The Constitution guarantees us rights and liberties indispensable to a democracy. Are some more important than others? What if the First Amendment’s religious liberty and free speech rights trumped the Fourteenth’s promise of equal protection?
This is not a hypothetical question. It arose in a Supreme Court case heard last year, and in recent events.
First, the Human Rights Campaign complained last month when news stories reported that Karen Pence, the wife of Vice President Mike Pence, plans to return to teaching at the Immanuel Christian Academy in northern Virginia. The school rules declare that students, faculty, and staff are prohibited from participating in “homosexual activity or bi-sexual activity, promoting such practices, or being unable to support the moral principles of the school,” citing Leviticus 20:13 and Romans 1:27. If discovered engaging in these practices, they face dismissal.
Some argue that because the school is private, it need not adhere to the equal-protection guarantees of the Fourteenth Amendment. But the school’s admissions and staffing are open to the public. In that sense, it is a public accommodation.
Meantime, the school claims its religious liberty, granted in the First Amendment, allows it to require those associated with the institution to “acknowledge Jesus Christ as personal Lord and Savior.” Can it ignore one amendment (equal protection) by proclaiming the protection of another one (religious freedom)?
Another issue is whether state legislatures (and even some municipal and county assemblies) should ban a psychological procedure known as conversion therapy, which some claim changes the sexual orientation of minors who are gay or lesbian. Some 15 states, including Maryland, and the District of Columbia, have laws that ban the practice. Massachusetts does not, though Rep. Kay Kahn of Middlesex County (D-Newton) has filed legislation to ban the practice.
The law rests firmly on the equal protection guarantees of the Fourteenth Amendment to protect gays and lesbians. Last month, a Virginia psychotherapist challenged Maryland’s law, claiming First Amendment grant of free speech and religious liberty. So which one should prevail, the First or the Fourteenth?
The Supreme Court had an opportunity last year to answer this question. It dodged the issue.
The case, Masterpiece Cakeshop v. Colorado Civil Rights Commission, involved a baker, Jack Phillips, a devout, evangelical Christian, who declined to make a wedding cake for a same-sex couple, Charlie Craig and David Mullins. He told them that making a wedding cake would force him to endorse their union, which he opposed. It would require him to express a message with which he disagreed.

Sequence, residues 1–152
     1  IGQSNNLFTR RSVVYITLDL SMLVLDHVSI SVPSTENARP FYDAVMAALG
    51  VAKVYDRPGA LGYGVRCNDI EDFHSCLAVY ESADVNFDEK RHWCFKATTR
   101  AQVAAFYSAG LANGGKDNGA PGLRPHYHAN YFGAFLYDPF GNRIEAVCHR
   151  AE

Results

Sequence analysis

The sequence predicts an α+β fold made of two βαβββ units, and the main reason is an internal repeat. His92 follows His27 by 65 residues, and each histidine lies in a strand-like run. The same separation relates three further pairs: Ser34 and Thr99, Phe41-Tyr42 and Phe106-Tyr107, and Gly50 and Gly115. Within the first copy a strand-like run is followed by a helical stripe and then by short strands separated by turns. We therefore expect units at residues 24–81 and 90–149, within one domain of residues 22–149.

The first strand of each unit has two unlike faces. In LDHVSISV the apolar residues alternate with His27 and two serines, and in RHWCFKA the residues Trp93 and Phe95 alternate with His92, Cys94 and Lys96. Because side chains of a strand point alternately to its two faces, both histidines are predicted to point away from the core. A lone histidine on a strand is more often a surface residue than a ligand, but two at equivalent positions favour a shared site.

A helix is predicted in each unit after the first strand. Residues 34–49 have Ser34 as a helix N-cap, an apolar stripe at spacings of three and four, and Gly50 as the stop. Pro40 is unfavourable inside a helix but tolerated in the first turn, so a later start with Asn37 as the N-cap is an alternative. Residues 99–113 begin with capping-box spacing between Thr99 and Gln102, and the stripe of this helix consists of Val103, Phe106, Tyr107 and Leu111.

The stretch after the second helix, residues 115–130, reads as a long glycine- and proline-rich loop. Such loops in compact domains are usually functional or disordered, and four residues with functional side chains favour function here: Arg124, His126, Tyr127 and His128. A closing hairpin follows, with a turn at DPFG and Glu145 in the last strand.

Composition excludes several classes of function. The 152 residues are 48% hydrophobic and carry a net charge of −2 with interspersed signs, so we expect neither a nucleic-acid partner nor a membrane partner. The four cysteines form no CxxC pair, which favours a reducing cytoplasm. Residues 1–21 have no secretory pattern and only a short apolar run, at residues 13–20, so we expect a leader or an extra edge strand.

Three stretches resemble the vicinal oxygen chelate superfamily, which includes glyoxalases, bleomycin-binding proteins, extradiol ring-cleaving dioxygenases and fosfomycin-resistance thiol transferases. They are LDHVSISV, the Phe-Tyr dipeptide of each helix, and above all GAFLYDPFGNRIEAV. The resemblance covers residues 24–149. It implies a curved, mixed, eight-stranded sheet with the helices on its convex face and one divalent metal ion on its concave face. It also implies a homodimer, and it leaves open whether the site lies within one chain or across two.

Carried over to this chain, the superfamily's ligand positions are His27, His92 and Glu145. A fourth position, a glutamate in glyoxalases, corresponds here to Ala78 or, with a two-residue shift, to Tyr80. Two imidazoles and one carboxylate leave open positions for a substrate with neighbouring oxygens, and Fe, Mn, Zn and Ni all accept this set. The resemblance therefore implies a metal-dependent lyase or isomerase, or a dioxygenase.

Craig and Mullins filed an action with the Colorado Civil Rights Commission, which ruled in their favor. The Colorado Anti-Discrimination Act prohibits discrimination based on sexual orientation in a “place of business engaged in any sales to the public and any place offering services … to the public.”
After the case traveled through several layers of adjudication, with Phillips losing at each level, he appealed to the Supreme Court.
Writing for a seven-to-two majority, Justice Anthony Kennedy (now retired) picked out statements from the oral argument, not from the written briefs filed by lawyers. He wrote that the transcript disclosed that one of the members of the commission unfairly criticized Phillips’s religious beliefs. The comments had “some elements of a clear and impermissible hostility toward the sincere religious beliefs that motivated his objection.”
One commissioner argued that “to me it is one of the most despicable pieces of rhetoric that people can use to — to use their religion to hurt others.” The commissioner compared Phillips’ beliefs to “defenses of slavery and the Holocaust.” Justice Kennedy concluded that the commission’s hostility was “inconsistent with the First Amendment’s guarantee that our laws be applied in a manner that is neutral toward religion.”
Justice Ruth Bader Ginsburg wrote in dissent that Kennedy failed to acknowledge that the case had traveled through four levels of adjudication before it reached justices: from the Civil Rights Commission to an administrative law judge, who returned the case to the commission, and eventually to the Colorado Court of Appeals. He should not have focused on the words of only one commissioner.
The issue remains: Do free speech and religious liberty trump equal protection? In other words, does Karen Pence’s decision to return to a school that undermines the equal protection clause hold any weight? Does the Virginia psychotherapist have a case about gay and lesbian conversion? How do we reconcile a presumed conflict between the First and Fourteenth Amendment? At present, we have no good answer.
Jack Fruchtman, a seasonal resident of Aquinnah, teaches constitutional law and politics at Towson University.